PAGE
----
© 2012 MLB Advanced Media, L.P. All rights reserved.

03/15/12 8:30 PM ET

Crew's hurlers try to help themselves at plate

Pitchers embrace chances to step in and take hacks

PHOENIX -- The pitchers who likely will comprise Milwaukee's regular-season starting rotation are on quite a roll on the mound, having allowed just four runs in 36 1/3 innings of work this spring. But around the clubhouse, they'd much rather talk about their time at the plate.

Take Zack Greinke, who was firing away when he stepped in this week against Seattle's Hector Noesi. Or Chris Narveson, who took his hacks against San Diego's Dustin Moseley on Thursday. But it's doubtful any have been talking about it more than Randy Wolf, who had two knocks on Wednesday against the Cubs.

"He was tooting his horn pretty good," Narveson said of his teammate. "But he had a right. He was 2-for-2 and had a great game."

The Brewers' hurlers enjoy hitting partly because it allows them to help their own cause, but also because when they get to face live pitching in Spring Training, it means Opening Day is near.

"It's another step for a starting pitcher," Yovani Gallardo said. "Once you start getting at-bats in games, you're almost there."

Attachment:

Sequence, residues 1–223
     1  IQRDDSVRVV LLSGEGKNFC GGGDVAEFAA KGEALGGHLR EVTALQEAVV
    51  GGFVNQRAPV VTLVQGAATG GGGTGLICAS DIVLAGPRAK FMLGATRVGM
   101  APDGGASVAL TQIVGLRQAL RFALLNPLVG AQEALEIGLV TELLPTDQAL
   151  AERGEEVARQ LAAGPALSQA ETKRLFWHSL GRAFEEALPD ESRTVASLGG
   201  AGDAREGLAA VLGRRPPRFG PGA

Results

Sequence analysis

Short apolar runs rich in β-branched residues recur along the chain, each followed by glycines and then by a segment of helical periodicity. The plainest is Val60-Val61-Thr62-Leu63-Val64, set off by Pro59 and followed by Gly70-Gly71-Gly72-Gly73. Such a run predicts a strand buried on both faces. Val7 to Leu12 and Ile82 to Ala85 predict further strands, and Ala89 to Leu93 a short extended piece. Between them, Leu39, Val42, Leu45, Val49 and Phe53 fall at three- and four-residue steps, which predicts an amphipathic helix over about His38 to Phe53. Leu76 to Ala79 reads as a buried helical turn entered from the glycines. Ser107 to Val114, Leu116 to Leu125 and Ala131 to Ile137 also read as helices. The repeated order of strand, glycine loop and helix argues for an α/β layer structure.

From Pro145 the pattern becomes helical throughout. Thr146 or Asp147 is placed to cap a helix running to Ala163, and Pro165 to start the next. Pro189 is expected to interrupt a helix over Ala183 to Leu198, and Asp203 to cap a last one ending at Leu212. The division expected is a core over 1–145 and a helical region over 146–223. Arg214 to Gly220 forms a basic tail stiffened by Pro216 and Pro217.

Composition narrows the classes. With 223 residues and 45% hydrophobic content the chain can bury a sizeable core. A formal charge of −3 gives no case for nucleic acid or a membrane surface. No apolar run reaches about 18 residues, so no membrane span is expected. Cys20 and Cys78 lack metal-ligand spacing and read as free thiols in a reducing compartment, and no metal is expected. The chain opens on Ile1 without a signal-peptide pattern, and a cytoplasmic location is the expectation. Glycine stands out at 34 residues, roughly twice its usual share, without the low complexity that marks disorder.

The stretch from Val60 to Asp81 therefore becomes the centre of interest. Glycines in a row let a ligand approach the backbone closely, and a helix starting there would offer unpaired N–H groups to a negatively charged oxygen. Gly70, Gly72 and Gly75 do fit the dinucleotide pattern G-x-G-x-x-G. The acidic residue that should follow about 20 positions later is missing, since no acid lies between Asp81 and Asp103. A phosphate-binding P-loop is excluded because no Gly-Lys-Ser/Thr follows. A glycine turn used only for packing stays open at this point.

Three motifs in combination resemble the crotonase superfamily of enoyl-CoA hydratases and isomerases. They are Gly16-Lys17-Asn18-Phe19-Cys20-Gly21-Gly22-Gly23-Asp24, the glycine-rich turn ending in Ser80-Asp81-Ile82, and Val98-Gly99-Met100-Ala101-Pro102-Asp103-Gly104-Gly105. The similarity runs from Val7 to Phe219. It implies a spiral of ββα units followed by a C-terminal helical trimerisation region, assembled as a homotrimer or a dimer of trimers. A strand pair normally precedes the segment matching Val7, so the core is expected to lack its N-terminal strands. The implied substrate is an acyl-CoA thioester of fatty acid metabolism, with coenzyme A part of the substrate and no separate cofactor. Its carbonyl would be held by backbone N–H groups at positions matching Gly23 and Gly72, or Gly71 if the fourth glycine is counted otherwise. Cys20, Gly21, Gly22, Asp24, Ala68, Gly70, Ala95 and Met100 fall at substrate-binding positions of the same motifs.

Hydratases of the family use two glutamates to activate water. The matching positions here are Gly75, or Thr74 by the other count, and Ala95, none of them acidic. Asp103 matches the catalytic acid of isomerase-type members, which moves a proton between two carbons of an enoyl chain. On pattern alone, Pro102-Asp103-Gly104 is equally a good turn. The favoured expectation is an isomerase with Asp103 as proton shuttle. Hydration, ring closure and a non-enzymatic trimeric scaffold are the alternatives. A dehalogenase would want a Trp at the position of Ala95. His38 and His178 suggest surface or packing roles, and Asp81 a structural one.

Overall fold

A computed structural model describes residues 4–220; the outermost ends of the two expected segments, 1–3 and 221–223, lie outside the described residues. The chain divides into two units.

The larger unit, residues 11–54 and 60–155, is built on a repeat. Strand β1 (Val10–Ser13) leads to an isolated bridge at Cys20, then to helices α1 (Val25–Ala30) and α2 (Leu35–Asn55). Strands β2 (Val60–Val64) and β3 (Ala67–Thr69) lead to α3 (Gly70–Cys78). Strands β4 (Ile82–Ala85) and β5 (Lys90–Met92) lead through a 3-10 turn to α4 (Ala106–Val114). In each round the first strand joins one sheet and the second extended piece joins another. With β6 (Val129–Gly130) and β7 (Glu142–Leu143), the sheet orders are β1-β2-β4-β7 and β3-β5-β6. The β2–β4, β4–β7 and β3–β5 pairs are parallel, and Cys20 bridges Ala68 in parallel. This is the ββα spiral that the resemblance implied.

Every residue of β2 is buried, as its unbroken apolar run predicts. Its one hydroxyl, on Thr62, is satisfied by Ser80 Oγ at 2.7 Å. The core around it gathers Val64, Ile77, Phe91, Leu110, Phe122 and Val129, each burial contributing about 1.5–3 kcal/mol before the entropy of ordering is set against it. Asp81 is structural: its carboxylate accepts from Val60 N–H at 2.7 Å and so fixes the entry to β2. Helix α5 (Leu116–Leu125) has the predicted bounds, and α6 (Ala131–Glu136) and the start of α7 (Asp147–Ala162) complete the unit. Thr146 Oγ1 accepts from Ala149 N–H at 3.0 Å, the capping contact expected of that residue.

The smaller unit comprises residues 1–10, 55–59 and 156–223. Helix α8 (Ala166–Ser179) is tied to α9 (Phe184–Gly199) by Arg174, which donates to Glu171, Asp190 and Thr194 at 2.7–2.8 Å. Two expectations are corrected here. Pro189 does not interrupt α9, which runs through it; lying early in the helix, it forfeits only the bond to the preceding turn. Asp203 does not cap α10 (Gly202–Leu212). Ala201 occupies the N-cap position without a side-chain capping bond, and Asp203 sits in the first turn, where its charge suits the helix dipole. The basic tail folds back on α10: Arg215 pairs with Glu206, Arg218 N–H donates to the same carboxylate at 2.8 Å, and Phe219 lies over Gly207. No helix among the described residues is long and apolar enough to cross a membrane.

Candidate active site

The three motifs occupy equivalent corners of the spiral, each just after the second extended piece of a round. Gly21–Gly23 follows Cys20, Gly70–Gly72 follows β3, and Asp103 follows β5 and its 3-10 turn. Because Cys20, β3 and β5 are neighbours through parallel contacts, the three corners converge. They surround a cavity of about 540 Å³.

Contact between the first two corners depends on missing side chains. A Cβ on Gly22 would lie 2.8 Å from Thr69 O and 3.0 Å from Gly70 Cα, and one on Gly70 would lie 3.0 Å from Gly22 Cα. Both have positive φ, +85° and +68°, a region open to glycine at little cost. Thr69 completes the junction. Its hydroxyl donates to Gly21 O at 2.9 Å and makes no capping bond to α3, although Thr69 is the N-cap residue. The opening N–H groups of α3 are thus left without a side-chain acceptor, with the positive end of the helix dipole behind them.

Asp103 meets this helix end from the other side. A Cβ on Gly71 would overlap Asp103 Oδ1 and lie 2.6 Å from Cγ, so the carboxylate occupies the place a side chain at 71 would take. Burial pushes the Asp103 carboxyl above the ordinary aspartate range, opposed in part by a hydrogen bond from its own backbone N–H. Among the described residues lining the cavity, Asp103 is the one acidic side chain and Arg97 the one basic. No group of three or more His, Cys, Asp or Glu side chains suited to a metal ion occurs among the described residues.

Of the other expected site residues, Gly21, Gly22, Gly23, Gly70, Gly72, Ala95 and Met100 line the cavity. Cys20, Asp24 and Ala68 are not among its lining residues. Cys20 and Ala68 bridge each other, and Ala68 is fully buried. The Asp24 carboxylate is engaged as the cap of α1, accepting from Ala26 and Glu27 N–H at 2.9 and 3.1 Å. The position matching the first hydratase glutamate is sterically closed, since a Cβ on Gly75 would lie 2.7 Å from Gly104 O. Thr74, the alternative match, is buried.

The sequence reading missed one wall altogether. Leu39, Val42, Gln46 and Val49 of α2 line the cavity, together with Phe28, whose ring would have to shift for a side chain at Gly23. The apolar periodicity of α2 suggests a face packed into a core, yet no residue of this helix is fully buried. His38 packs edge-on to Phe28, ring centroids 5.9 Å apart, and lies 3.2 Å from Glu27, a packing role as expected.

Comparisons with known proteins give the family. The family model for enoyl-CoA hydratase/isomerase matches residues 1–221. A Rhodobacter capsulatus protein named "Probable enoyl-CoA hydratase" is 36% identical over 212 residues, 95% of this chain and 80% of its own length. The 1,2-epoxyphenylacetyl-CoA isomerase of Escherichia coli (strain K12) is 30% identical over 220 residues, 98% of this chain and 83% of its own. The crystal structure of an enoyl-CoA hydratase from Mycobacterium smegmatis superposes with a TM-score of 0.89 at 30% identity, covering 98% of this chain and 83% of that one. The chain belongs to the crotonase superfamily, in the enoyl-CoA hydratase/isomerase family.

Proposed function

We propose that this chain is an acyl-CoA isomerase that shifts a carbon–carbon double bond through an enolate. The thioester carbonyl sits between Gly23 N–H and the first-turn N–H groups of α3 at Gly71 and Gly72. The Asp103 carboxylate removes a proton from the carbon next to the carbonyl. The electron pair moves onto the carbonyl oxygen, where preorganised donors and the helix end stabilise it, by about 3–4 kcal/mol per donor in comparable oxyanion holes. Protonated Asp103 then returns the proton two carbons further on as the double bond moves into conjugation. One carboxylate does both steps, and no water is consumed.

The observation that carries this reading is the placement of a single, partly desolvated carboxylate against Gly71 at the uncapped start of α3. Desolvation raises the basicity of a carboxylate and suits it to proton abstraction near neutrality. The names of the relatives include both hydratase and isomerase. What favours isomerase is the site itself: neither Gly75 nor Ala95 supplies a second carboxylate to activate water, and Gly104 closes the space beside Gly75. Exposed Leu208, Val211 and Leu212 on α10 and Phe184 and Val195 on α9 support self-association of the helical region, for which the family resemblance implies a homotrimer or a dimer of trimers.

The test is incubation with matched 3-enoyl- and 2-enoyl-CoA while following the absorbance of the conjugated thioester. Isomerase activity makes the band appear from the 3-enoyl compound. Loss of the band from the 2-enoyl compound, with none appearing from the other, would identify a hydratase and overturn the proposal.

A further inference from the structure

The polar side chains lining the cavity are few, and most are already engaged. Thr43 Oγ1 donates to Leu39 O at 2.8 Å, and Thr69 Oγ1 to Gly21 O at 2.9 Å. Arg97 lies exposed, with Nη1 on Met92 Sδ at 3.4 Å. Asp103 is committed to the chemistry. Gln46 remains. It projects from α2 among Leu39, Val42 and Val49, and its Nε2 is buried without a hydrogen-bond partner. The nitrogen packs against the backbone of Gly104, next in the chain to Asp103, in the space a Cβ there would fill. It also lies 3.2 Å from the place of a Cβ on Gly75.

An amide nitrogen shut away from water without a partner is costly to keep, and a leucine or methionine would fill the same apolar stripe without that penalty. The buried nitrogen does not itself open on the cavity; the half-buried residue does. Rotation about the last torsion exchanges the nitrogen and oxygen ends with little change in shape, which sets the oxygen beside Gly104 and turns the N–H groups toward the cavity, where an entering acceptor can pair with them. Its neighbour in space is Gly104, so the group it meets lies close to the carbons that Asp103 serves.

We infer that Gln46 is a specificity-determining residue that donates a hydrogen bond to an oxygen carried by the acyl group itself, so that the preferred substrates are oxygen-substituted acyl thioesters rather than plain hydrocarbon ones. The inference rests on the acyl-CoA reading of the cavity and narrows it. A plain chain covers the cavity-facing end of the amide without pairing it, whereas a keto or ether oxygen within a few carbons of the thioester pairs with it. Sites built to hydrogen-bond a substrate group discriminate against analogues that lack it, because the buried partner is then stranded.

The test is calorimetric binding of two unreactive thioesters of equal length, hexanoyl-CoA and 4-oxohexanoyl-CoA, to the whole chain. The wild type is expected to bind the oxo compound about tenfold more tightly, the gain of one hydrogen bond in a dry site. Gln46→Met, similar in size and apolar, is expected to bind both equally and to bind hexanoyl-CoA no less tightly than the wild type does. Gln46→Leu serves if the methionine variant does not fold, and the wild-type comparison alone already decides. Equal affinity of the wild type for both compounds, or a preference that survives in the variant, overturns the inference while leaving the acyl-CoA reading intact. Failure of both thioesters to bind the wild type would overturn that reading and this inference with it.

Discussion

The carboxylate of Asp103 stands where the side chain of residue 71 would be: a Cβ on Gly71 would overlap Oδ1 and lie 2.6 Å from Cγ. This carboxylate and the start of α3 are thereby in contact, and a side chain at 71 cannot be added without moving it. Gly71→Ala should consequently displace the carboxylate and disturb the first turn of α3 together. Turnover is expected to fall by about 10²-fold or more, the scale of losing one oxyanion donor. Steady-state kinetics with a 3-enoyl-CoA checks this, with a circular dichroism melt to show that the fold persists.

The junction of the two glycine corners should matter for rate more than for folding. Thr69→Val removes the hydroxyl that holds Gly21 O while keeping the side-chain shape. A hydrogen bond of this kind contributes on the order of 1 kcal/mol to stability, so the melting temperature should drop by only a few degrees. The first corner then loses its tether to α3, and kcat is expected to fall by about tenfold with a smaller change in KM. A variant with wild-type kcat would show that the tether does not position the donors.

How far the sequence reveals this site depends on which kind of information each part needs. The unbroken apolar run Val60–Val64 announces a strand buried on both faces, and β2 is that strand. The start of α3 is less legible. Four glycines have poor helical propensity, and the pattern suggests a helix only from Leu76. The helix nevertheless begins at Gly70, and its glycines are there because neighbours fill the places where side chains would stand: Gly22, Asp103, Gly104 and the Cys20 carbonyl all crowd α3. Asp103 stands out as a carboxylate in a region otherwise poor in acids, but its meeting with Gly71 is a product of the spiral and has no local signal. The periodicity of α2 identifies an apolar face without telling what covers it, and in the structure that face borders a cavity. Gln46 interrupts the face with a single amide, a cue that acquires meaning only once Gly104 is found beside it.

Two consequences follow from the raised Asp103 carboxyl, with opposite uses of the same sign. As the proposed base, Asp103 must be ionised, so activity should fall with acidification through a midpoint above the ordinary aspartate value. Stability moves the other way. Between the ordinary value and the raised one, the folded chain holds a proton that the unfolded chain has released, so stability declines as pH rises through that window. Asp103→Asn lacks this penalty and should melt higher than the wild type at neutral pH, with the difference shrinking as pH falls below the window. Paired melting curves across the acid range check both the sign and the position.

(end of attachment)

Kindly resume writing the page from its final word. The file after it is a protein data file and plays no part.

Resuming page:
It's also another responsibility for a National League pitcher, who almost always takes his swings from the bottom of the order. But to manager Ron Roenicke, who said he wants each pitcher to have four games in which they get at-bats this spring, those plate appearances can make a huge difference.

"Their role offensively is big," Roenicke said. "You see ballgames all the time -- guys are in scoring position or you have a chance to bunt and get them up another base -- and all that stuff leads to a win. If they can help themselves offensively, it's gonna win more ballgames for them."

It was also on display Thursday, when pitcher Wily Peralta connected for a three-run double in an eventual 6-4 win over the Padres. To see a hurler with a line like that may have come as a surprise to some, but not to those who've seen Peralta in batting practice.

"He can hit," Roenicke said. "He's got huge power. I mean, like Braunie [Ryan Braun] and Rickie [Weeks] power."

The Brewers' pitchers make a point of not focusing on their Spring Training numbers, and that goes for their hitting, too. But if the spring is any indication, Wolf knows he's in for a better offensive year than last season.

"After [Wednesday's] game, I have more RBIs than I did all year last year," Wolf said. "I got shut out last year, even though I did have the highest batting average with runners in scoring position of all the pitchers."

Joey Nowak is a reporter for MLB.com. Follow him on Twitter at @joeynowak. This story was not subject to the approval of Major League Baseball or its clubs.